As does Sen. James Inhofe (R-OK):
The principles of Lieberman-Warner climate bill, as outlined today, fail to meet the two requirements established by the Senate to pass climate legislation. The Lieberman-Warner bill will significantly harm the United States economy and fail to mandate reductions from the developing world. With China now the world’s largest emitter of greenhouse gasses, it’s even more important that the developing nations CO2 emissions be taken into consideration. As a result, I have long supported efforts that build off of the President’s Asia-Pacific Partnership that seeks to promote technology sharing among developing nations as the way forward.

Sen. Barbara Boxer (D-CA) effusively praises the draft bill:

The Lieberman-Warner proposal is a huge breakthrough in the fight against global warming. The Lieberman Warner bill will be the fifth economy-wide Senate proposal, and in addition, there are several sector-by-sector proposals, demonstrating that an increasing number of U.S. Senators want to address this issue now. When I took the gavel of the Environment and Public Works Committee, I pledged to focus on global warming and on bringing bipartisanship back to the committee. With the Lieberman-Warner bipartisan proposal, those goals have been met, and we now plan to pass legislation through the committee before the end of the year. This proposal has taken good ideas from a variety of bills, and will be an excellent starting point for the committee.

As does Sen. Ben Cardin (D-MD):
Today Senators Joseph Lieberman, I-CT, and John Warner, R-VA, released the detailed outline of an economy-wide global warming bill that would significantly limit greenhouse gases. I am extremely pleased with the comprehensive nature of their bill and the strong, bipartisan leadership they bring to this critical effort. I also believe this bill has important national security implications because it will lessen our dependence on foreign energy and help achieve energy independence. We have an historic opportunity to address the most compelling environmental, energy independence and national security issue facing our nation. I pledge to work closely with my colleagues to turn this historic opportunity into reality.

Sen. Bernie Sanders (I-VT) is more measured:

“I commend Senator Lieberman and Senator Warner for their hard work in putting together legislation that our subcommittee will consider. There is no doubt that we need bipartisan support in the United States Senate to address the most significant environmental threat our planet has ever seen.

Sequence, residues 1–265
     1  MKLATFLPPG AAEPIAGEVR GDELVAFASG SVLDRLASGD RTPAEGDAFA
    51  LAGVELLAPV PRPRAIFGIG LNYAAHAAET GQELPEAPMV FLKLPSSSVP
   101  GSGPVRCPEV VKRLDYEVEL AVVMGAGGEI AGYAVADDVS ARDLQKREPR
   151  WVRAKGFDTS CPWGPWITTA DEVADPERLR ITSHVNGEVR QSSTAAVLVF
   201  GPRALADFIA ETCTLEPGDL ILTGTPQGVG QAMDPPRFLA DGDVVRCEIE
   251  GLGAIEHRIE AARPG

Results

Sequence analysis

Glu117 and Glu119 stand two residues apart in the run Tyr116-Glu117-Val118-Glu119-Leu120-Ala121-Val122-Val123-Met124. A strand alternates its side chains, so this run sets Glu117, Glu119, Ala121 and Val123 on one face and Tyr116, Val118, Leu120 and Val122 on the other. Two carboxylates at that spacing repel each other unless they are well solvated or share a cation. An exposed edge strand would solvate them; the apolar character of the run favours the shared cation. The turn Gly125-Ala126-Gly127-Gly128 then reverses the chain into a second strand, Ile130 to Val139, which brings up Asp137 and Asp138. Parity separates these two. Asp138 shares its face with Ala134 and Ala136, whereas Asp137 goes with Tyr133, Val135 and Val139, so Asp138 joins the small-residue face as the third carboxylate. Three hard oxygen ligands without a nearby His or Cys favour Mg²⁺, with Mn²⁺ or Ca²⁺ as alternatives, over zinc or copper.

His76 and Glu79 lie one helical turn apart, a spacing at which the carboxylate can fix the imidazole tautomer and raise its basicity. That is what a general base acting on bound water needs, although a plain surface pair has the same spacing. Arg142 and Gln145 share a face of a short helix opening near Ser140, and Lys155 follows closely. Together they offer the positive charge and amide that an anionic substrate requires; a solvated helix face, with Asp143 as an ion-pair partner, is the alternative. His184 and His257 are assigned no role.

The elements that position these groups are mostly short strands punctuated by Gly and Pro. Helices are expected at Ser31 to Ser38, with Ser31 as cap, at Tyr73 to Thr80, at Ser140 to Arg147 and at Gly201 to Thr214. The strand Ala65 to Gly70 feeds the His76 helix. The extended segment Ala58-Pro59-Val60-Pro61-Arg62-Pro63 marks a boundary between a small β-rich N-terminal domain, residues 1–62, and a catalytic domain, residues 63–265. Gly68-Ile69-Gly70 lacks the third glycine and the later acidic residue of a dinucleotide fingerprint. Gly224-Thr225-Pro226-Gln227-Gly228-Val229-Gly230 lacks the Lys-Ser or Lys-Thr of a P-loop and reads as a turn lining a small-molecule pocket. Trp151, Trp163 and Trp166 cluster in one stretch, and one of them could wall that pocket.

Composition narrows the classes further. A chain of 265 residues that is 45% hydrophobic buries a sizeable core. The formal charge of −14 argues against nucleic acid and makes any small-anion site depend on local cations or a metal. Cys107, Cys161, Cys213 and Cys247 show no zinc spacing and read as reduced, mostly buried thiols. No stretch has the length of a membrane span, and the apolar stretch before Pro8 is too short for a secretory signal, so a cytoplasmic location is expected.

Given the dimensions of the crisis, however, I strongly believe that we must act aggressively to halt and then reverse global warming. I am concerned that the outline my colleagues put out today, which is a good starting point, does not go far enough. As good as it is, I hope we can do better. As a member of the subcommittee, I look forward to working with them.

The people of the United States want strong action, and the Senate must follow. In my view, we can, in fact, break our dependency on fossil fuels, substantially lower greenhouse gas emissions, move to sustainable energy and, in the process, create millions of good paying jobs. Those are the principles that I will fight for.

There do not appear to be statements from Democratic senators Baucus, Carper, Clinton, Lautenberg, Klobuchar, or Whitehouse, or Republican senators Voinovich, Isakson, Vitter, Barrasso, Craig, or Alexander.

National Academies Critiques U.S. Climate Change Science Program

Posted by Brad Johnson Thu, 13 Sep 2007 19:57:00 GMT

The Committee on Strategic Advice for the U.S. Climate Change Science Program today released the report Evaluating Progress of the U.S. Climate Change Science Program. Their conclusions:
  • A major hurdle to CCSP progress is the program director’s lack of authority to allocate or prioritize funding across participating agencies.
  • Discovery science and understanding of the climate system are proceeding well, but use of that knowledge to support decision making and to manage risks and opportunities of climate change is proceeding slowly.
  • Progress in understanding and predicting climate change has improved more at global, continental, and ocean basin scales than at regional and local scales.
  • Our understanding of the impact of climate changes on human well-being and vulnerabilities is much less developed than our understanding of the natural climate system.
  • Science quality observation systems have fueled advances in climate change science and applications, but many existing and planned observing systems (satellite missions) have been cancelled, delayed, or degraded, presenting perhaps the single greatest threat to the future success of CCSP.
  • Progress in communicating CCSP results and engaging stakeholders is inadequate.

The Committee on Strategic Advice was established by the National Research Council of the National Academies at the request of the director of the CCSP.

The U.S. Climate Change Science Program is the umbrella organization for the interagency U.S. Global Climate Research Group established by the Global Change Research Act of 1990, and Bush’s 2001 Climate Change Research Initiative to study uncertainty in climate research.

See also Andrew Revkin’s piece for the New York Times.

The committee is holding a workshop in Washington, D.C., Oct. 15-17, to discuss future priorities for CCSP research, which will be the focus of its follow-up report.